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Things to remember before an animation job interview

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It goes without saying that when it comes to animation job interviews, it’s a good idea to be prepared and get some pre-prepared answers in your back pocket to ensure a prospective employer doesn’t catch you out completely on the day. There are a couple of things you must know before you appear for an animation job interview-

  • Know your potential employer

The more you know about a studio before you go in to interview, the better. Know what films/shows/games/projects they have worked on. Make sure you know WHAT parts of that project they actually worked on; many films now farm out work to multiple studios, so you don’t want to make the mistake of complimenting one studio for another studio’s work! You don’t want to come off as fan boy-fanatical, but you definitely want to express an interest in your potential employer’s previous work.

If you have an inkling of what projects may be coming down the pipeline for the studio, consider putting things on your reel that could apply to those projects (i.e. if you know they will be working on a movie about zoo animals, show them some nice quadruped animation tests). It sounds like pandering, I know but the fact is, studios like to be able to immediately gauge how useful you will be to them.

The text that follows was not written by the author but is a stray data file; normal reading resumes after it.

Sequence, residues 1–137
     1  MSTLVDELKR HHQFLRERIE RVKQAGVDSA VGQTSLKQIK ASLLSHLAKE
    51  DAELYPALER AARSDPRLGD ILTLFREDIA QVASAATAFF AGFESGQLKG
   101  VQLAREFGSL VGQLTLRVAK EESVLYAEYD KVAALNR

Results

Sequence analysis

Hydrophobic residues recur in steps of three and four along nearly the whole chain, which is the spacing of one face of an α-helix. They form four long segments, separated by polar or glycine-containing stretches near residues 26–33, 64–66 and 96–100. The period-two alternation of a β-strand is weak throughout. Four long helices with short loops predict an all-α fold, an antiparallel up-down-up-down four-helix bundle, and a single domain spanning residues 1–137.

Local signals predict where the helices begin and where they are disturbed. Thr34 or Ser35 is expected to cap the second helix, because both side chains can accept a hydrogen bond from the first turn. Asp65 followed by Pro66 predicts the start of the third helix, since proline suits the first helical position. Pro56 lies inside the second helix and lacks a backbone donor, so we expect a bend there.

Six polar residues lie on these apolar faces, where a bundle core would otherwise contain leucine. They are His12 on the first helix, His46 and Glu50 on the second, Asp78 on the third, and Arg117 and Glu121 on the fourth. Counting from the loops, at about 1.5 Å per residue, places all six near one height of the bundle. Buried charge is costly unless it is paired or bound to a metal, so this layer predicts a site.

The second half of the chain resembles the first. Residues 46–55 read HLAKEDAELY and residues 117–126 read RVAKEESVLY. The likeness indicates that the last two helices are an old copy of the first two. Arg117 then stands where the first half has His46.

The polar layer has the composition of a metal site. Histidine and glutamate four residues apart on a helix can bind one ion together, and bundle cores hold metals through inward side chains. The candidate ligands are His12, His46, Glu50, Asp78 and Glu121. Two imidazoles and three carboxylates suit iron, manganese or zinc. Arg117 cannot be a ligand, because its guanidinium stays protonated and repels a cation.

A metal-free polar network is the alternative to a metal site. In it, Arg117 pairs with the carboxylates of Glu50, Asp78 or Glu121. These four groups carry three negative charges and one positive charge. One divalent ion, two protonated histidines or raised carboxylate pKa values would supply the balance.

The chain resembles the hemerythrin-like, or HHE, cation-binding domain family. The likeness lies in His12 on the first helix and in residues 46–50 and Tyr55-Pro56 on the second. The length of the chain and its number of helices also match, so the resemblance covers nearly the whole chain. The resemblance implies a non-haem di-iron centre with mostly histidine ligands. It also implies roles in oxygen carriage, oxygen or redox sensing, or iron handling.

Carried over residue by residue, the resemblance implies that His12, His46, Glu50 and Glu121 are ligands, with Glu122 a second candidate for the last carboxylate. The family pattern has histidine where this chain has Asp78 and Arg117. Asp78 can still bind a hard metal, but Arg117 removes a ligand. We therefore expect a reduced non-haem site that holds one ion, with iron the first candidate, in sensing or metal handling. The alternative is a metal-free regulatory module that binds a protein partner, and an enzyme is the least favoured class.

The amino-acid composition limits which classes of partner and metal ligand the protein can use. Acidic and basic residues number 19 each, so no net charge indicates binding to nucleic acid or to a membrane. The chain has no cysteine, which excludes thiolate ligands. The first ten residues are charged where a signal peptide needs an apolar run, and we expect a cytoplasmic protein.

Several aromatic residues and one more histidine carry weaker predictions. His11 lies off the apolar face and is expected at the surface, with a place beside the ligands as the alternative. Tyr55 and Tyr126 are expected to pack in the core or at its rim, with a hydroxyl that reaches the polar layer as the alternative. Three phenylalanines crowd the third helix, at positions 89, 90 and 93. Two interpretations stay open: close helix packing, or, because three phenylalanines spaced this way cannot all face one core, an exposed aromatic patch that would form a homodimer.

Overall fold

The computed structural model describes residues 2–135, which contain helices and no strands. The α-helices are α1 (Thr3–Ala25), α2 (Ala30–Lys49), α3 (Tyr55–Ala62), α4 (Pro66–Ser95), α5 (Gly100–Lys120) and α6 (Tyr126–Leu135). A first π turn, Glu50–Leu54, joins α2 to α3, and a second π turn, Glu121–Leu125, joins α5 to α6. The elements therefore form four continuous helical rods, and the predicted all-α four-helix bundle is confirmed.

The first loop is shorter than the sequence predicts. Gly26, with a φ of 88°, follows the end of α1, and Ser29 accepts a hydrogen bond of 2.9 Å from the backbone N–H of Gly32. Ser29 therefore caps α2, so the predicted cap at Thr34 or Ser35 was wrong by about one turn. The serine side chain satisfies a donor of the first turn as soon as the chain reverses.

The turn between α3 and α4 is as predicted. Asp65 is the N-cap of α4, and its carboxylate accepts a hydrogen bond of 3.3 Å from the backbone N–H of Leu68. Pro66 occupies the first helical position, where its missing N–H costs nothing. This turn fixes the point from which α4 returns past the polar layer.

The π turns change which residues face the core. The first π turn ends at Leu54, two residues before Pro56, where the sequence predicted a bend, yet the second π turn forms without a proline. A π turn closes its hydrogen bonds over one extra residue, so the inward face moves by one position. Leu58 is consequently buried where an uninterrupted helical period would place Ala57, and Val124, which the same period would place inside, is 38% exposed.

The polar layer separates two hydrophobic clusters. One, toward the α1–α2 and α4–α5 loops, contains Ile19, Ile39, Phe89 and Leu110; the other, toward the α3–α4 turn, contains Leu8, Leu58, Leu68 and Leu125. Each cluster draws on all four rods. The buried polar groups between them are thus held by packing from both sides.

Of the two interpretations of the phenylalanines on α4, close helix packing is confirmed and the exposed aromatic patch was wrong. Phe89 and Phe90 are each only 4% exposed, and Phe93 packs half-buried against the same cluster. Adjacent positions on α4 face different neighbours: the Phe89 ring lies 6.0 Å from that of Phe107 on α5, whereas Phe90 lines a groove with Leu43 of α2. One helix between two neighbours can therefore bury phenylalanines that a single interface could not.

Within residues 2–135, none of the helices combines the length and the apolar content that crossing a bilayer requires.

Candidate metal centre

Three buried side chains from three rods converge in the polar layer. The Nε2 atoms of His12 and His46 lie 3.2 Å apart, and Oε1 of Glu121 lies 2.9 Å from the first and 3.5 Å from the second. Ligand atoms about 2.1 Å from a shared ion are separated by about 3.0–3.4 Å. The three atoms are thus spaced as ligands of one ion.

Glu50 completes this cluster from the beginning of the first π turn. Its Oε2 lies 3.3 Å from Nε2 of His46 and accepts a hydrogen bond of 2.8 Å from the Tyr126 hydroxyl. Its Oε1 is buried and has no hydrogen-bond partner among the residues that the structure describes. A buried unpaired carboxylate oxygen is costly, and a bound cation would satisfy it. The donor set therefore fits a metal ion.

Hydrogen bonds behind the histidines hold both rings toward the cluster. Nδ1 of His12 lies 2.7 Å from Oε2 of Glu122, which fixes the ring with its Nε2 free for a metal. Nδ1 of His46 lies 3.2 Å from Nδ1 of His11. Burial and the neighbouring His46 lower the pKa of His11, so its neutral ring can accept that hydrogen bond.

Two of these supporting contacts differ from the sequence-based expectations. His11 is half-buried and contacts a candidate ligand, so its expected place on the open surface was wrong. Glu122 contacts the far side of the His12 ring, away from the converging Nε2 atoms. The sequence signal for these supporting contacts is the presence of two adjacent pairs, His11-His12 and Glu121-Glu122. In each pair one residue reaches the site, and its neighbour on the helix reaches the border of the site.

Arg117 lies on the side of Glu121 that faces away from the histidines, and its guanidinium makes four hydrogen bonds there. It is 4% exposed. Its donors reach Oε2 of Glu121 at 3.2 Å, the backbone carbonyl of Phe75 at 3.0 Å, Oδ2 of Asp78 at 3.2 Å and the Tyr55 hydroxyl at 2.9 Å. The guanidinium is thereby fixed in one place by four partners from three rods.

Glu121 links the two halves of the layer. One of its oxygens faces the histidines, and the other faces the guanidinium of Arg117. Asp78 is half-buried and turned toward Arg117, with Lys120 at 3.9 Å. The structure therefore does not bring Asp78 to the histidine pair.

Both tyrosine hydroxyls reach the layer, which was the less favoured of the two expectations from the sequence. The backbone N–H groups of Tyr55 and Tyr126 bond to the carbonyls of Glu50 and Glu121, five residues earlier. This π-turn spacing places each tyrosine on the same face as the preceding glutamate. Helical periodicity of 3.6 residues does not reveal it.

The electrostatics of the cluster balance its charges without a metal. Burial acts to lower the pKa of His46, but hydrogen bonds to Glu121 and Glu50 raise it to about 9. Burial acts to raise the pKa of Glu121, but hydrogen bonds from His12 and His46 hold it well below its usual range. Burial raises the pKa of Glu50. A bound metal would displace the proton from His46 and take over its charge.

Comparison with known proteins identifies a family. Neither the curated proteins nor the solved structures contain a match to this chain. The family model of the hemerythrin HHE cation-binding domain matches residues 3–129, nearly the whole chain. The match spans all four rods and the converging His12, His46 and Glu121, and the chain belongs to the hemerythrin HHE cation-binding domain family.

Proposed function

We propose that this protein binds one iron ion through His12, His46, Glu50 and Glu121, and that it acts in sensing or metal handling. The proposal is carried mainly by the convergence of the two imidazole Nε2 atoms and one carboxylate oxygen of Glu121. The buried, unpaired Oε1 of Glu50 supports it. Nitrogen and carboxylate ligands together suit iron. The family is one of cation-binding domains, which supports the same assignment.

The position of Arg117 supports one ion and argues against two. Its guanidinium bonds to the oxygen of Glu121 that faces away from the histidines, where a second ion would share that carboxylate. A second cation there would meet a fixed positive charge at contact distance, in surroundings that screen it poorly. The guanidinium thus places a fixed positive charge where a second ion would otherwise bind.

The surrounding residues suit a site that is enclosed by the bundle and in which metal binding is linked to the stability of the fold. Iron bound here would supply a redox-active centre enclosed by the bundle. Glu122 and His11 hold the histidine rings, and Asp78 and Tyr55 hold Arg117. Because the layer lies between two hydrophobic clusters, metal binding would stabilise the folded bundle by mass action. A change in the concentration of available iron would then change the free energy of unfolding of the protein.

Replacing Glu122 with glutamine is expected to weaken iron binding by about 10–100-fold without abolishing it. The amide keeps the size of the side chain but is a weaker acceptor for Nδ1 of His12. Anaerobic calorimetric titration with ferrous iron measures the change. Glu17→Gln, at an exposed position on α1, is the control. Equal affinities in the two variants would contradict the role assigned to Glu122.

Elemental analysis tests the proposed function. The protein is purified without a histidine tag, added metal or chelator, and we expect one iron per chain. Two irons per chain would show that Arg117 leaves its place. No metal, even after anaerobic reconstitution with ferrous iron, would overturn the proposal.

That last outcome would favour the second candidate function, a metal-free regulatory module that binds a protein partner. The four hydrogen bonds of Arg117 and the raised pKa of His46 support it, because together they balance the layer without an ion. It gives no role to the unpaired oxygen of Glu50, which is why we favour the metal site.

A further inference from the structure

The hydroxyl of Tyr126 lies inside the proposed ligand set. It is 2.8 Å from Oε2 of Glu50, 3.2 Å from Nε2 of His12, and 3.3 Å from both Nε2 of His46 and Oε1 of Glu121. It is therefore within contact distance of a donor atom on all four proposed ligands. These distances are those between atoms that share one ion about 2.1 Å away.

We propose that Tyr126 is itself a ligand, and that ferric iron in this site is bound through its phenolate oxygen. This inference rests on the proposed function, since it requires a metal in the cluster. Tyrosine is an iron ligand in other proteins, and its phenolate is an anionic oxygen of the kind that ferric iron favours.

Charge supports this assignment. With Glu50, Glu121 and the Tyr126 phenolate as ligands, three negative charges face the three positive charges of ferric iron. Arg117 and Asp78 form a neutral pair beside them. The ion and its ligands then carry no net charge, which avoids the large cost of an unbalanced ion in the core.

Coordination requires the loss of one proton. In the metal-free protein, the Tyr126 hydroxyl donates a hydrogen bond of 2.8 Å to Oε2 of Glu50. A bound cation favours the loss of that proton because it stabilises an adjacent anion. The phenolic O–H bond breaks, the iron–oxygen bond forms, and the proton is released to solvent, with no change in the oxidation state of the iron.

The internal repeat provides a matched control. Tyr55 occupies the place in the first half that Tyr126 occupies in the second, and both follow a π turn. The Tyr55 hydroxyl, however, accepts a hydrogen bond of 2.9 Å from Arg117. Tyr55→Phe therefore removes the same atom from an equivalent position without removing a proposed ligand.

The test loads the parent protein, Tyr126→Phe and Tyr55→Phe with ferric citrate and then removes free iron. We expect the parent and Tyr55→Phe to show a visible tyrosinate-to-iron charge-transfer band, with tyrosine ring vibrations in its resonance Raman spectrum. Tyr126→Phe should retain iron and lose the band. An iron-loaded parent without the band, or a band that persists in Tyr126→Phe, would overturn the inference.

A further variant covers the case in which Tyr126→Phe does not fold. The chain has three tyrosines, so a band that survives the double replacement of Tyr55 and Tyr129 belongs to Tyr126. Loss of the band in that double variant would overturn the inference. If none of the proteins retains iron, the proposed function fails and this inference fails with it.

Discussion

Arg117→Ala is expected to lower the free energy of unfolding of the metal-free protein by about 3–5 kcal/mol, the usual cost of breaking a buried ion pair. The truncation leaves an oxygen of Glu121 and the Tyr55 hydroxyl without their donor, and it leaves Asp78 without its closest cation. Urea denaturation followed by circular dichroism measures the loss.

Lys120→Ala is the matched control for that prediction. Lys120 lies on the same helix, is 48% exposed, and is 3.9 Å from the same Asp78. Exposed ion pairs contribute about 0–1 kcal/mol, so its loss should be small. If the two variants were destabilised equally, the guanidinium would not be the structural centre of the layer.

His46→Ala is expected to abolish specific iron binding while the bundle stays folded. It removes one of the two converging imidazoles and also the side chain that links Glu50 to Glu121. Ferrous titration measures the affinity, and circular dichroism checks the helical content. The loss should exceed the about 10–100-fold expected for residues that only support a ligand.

• Don’t complain about past jobs

This is a BIG one. We’ve all had jobs we didn’t like, but a job interview isn’t the place to nurse old wounds. There are several reasons for this. First off, most companies just prefer a positive person over a negative one who will drag down everyone else around them. Second, our industry is very small-it could be that the person you are criticizing is a good friend (or even a recent new hire) of the person interviewing you. Third, companies don’t like the idea that someday, when you move on, you may end up saying bad things about them to your next potential employer. Keep in mind to mention whatever you have learn in animation.

 

  • Don’t badmouth your work

Most of us are our own worst critics, and we will never be 100% satisfied with what we produce. We’ll always know we could have made a shot a little better…but don’t apologize for your work! Be positive, talk about things you’d like to get better at in the future but don’t point out past shortcomings. Don’t make excuses for shots or say things like “it used to look better but the director made me change it.” Let the interviewer come to their own conclusions, and follow their lead when talking about your past work. This will show that you don’t respect the animation institute you learned from.

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